1) protect property 2) transparency 3) regulation & supervision 4) competition policy
  • How can foreign participants have an effect on liberalisation?
    1) opening up to foreign markets 2) foreign intermediaries

  • Why is a government regulation needed to protect property rights?
    If it's not clear who is entitled to perform a transaction, exchange will be unlikely.
  • Why is government regulation needed for transparency?
    So that providers of funds can take better decisions on how to allocate their money
  • Why is government regulation and supervision needed for soundness?
    Intermediaries have  an incentive to take too many risk -> more revenues. government may provide depositors with deposit-security (this will to help intermediaries and will take more risk) Investors may fail because of risk and contagion)

  • Why is government regulation needed for competition policy?
    Price fixing - support from the banks (state aid)  
  • What are the benefits if it becomes possible to lend or borrow in foreign financial markets?
    opening up the domestic financial market and competition from financial intermediaries in foreign companies = financial liberalisation
  • What are the pro's of bank-based system?
    Investment smoothing, keeping info to themselves, corporate governance, inexpensive/ basic risk model, greater asses to capital, low risk products.
  • Explain the various corporate governance mechanisme?
    1) banks appointment of the board of directors (to monitor company) 2) manager's compensation depend nonperformance firm 3) hostile takeover
  • Why may a take over threat not work?
    1) information asymmetry, ill informed outsider 2) free rider problem 3)firms can take action to weaker position of the firm
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What is the SRM?
Single Resolution Mechanism of the Banking Union. The second pillar, and introduces centralized decision making and a centralized resolution fund. Rather than the decentralized approach based on the BRRD. 

> ensuring the availability of temporary funding to support the restructuring of a failing bank
Resolution tools can be used in case of a bank failure. Describe three.
1. private sector acquisition the resolution authority acts as broker to effect the acquisition, whereby parts of the bank can be sold without the consent of the shareholders. If acquisition is not immediately at hand, the resolution authority can transfer part of the bank to a temporary structure, to keep essential functions working.

2. separation good & bad assets: via a partial transfer of assets & liabilities. Result: the original bank is split in a good bank with performing assets and a bad bank with toxic assets. The latter are liquidated or restructured.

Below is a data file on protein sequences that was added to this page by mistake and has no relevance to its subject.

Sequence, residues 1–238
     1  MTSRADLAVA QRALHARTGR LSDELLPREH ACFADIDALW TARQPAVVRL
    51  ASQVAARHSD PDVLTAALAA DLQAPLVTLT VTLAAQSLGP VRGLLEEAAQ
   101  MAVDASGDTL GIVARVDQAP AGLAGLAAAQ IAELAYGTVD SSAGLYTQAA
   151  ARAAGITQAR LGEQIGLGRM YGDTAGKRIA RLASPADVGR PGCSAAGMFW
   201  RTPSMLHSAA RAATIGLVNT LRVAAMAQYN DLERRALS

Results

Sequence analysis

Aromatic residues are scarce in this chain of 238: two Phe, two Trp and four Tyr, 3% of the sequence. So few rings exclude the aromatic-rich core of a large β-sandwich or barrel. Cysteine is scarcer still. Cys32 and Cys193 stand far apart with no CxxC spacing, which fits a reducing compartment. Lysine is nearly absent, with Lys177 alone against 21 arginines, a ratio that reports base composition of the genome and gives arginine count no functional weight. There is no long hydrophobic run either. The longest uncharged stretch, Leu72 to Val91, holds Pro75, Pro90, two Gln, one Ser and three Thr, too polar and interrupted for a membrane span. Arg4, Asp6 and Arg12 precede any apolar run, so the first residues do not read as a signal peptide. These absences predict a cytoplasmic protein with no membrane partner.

3. latter process, bail-in: aim: stabilize a failing bank in order for it to continue its critical functions
Name a main reactive instrument that can be used in crisis situations
Bank Recovery and Resolution Directive (BRRD) provides comprehensive & effective arrangements to deal with failing banks at the national level. Cooperation arrangements to tackle cross-border banking failures for banks in EU. 
target: rescue a bank's critical functions
What is the CCR/CRD IV package?
new EU prudential rules, provides for the use of:
countercyclical buffer: to counteract the effects of the economic cycle on banks' lending activity

use of pillar II: ability to impose additional requirements on a specific bank

national flexibility measures: allowing national authorities to impose stricter prudential requirements (adressing systemic risk)

real estate related instruments
member states retain the possibility to set higher risk weights for real estate lending, thereby being able to address real estate bubbles

leverage ratio: to limit the growth of the total balance sheet as compared to available own funds
Describe the key macro prudential instryments under the structural pillar
1. exposure concentrations.
large exposures restrictions

2. misaligned incentives.
a. SIFI capital surcharges
b. systemic risk buffer
Describe the key macro prudential instruments under the cyclical pillar
1. excessive credit growth & leverage 
a. counter cyclical capital buffer
b. capital instruments (e.g. leverage ratio)  
c. LTV/LTI caps

2. excessive maturity mismatch and market illiquidity
a. stable funding restrictions
b. liquidity charges
Explain the difference between macro and micro prudential instruments
The macroprudential instruments under the cyclical pillar can damper both the upswing and the downswing of the financial cycle. A  micro one tends to tighten capital requirements when it is bad time.
4 problems. 1. Excessive credit growth & leverage 2. Exposure concentration, 3. Excessive maturity mismatch & market illiquidity 4. Misaligned incentivesState for every problem under which pillar it stands and what indicators are used to analyze them.
1. Cyclical pillar:      Credit to GDP; housing prices
2. Structural pillar:   Interconnectedness, price contagion
3. Cyclical pillar:      Structural funding ratio, Short term liquidity stress indicators
4. Structural pillar:    Size, complexity, substitutability
What is the policy and ultimate objective for macro- and micro prudential supervision, respectively?
macropolicy: limit financial system wide distress
ultimate: avoid GDP costs

micropolicy:limit distress of individual firms
utlimate: consumer protection
How is risk characterized for macro- and microprudential supervision?
macro (endogenous)dependent on collective behaviour, interactions between financial institutions & their environment
 > risk of aa shock is generated & amplified within the system

micro (exogenous)independent of individual agents' behaviour
> risks emanating from agents' environment